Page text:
Today’s Scripture reading: Luke 1:67–80.
In this passage, Zechariah teaches us something important about Jesus Christ and something important about ourselves. Yesterday, we looked at what he teaches us about Christ. Today, we will look at what he teaches us about ourselves. Pay careful attention to verses 76–80.
Notice, first of all, that this is a statement about John the Baptist. Zechariah is telling us who John will be (“a prophet of the Most High”) and what he will do (“prepare the way” for the Lord). Each Gospel mentions John’s ministry in some way or another (e.g., Matthew 3:1–12, Mark 1:3–8, Luke 3:2–17, John 1:19–34). And in each Gospel, John prepares the way for Jesus.
Second, Zechariah’s statement about John highlights a central theme in the Christmas story, namely, the role of human beings in God’s plan of salvation. Mary accepted the divine gift of bearing Jesus Christ in her womb for nine months. Joseph accepted the divine gift of fathering a son who was not his biological child. John drew great crowds to himself, only to direct their attention and loyalty to another man, Jesus Christ.
In each case, God accomplishes His plan of salvation through human beings, not without them. God does not impose His will on these people. He invites them to place their faith in Him. So, Mary says, “I am the Lord’s servant. May your word to me be fulfilled” (Luke 1:38). And Joseph “did what the angel of the Lord had commanded him” (Matthew 1:24).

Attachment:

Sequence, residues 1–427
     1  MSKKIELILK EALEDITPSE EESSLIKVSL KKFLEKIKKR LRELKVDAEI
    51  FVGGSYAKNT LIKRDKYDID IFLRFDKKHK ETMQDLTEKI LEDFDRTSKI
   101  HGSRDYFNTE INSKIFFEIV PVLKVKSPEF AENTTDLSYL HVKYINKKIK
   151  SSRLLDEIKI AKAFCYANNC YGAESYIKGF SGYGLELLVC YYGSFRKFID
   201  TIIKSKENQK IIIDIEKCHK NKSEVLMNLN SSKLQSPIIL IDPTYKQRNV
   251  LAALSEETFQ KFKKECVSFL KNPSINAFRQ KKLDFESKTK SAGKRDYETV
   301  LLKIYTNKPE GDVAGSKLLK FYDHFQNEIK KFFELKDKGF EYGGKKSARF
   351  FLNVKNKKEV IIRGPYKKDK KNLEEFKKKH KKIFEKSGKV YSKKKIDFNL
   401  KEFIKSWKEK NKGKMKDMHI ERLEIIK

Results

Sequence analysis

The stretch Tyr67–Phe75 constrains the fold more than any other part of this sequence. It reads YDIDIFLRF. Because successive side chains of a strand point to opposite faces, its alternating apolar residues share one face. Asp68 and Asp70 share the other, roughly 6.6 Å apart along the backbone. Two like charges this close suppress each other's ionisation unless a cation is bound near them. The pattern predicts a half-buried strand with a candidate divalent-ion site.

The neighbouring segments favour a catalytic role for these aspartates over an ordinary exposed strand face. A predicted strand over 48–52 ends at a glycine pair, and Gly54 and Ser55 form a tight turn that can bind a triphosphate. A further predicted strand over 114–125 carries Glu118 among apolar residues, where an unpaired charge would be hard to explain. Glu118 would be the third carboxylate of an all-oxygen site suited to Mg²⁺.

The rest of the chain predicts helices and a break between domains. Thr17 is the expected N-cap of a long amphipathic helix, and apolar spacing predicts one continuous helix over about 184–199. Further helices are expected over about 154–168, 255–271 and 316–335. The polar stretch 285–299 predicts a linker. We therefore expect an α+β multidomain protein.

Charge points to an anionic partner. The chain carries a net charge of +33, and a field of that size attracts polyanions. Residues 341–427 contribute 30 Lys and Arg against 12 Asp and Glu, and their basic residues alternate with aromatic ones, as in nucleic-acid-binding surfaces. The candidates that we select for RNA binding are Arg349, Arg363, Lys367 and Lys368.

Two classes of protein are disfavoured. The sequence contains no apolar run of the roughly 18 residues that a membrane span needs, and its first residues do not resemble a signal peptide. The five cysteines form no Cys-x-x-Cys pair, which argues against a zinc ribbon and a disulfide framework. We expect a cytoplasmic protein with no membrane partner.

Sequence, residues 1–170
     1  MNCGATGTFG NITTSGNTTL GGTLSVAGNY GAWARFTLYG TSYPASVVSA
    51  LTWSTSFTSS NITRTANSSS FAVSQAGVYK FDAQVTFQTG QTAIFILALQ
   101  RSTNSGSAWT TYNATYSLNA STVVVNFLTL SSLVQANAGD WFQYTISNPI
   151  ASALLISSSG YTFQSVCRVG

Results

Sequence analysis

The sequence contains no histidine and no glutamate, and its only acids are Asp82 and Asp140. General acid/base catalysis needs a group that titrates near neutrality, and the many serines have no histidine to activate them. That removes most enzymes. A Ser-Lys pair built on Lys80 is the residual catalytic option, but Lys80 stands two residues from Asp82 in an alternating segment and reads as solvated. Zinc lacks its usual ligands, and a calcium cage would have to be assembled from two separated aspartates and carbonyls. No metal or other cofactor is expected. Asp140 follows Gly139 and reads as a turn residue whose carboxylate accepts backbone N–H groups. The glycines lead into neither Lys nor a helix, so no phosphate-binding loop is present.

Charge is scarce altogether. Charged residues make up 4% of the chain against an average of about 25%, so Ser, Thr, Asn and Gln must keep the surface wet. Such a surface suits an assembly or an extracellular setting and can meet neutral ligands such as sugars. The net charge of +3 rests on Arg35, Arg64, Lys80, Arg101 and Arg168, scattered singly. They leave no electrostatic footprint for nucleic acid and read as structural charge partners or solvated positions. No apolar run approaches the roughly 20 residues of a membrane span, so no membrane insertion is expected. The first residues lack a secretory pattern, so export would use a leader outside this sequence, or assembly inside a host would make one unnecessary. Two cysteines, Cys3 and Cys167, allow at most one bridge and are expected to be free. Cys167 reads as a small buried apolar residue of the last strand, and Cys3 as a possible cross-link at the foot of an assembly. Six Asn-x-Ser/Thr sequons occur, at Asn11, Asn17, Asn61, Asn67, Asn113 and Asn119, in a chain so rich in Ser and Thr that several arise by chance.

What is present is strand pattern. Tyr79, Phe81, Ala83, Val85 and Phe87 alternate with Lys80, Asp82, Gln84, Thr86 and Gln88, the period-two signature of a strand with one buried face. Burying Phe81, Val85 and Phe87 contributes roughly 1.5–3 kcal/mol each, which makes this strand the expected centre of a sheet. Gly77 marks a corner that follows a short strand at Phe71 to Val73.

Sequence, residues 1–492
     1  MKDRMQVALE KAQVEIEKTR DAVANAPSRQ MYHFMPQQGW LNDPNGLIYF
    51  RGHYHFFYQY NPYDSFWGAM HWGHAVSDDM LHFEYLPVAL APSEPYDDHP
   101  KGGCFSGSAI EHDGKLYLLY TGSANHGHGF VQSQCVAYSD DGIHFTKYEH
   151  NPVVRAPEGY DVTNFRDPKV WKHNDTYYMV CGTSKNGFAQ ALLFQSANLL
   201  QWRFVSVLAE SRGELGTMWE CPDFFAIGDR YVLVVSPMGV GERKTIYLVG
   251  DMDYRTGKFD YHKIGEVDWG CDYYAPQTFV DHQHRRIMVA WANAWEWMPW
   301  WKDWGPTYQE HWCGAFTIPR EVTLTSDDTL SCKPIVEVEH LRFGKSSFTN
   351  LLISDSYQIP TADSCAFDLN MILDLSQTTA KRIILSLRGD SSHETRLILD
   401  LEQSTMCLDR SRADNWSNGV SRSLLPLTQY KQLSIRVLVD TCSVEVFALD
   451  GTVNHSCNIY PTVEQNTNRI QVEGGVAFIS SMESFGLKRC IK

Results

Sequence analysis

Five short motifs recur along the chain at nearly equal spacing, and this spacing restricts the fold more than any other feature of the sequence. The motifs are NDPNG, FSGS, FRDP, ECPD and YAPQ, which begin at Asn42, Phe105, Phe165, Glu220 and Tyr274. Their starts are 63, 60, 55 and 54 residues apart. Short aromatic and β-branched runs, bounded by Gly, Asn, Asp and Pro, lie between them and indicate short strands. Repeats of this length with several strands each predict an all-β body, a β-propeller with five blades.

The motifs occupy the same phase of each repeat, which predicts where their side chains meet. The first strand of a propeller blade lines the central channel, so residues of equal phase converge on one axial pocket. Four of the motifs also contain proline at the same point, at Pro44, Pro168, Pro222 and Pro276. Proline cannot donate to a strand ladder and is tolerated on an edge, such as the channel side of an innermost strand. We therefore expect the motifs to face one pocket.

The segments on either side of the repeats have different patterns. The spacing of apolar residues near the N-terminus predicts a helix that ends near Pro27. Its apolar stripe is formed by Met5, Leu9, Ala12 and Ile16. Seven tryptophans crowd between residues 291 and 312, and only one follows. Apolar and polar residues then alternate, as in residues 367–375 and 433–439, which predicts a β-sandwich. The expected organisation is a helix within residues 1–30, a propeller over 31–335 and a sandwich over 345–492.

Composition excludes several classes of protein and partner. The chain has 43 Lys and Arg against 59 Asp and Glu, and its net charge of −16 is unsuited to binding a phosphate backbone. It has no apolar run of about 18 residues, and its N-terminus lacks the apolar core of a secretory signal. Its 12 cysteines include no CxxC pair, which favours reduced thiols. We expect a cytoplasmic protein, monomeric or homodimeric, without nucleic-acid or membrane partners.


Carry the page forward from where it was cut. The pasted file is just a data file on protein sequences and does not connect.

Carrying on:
Such willing obedience is not easy. It requires great humility. It demands that we think first of God’s will, not of our own wills. One of the most poignant statements in the Gospels comes from John’s lips as he realizes his ministry is drawing to a close: “Jesus must become greater; I must become less” (John 3:30). God works through us, not without us, and the more we obey Him, the more others can see Jesus through us.
Which brings me to my third and final point: Just as John was an evangelist within his sphere of influence, so we are evangelists within ours. Do we prepare the way for the Lord into the hearts of our friends and family members? Do our lives and words give people “the knowledge of salvation” (verse 77) so that they can find forgiveness, mercy, spiritual illumination, guidance and peace?
If not, why not? God worked through John in the first century. He works through us today, if we become less so that He can become greater.
P.S. This article is cross-posted at InfluenceMagazine.com. For earlier posts in the Songs of Christmas devotional, see here: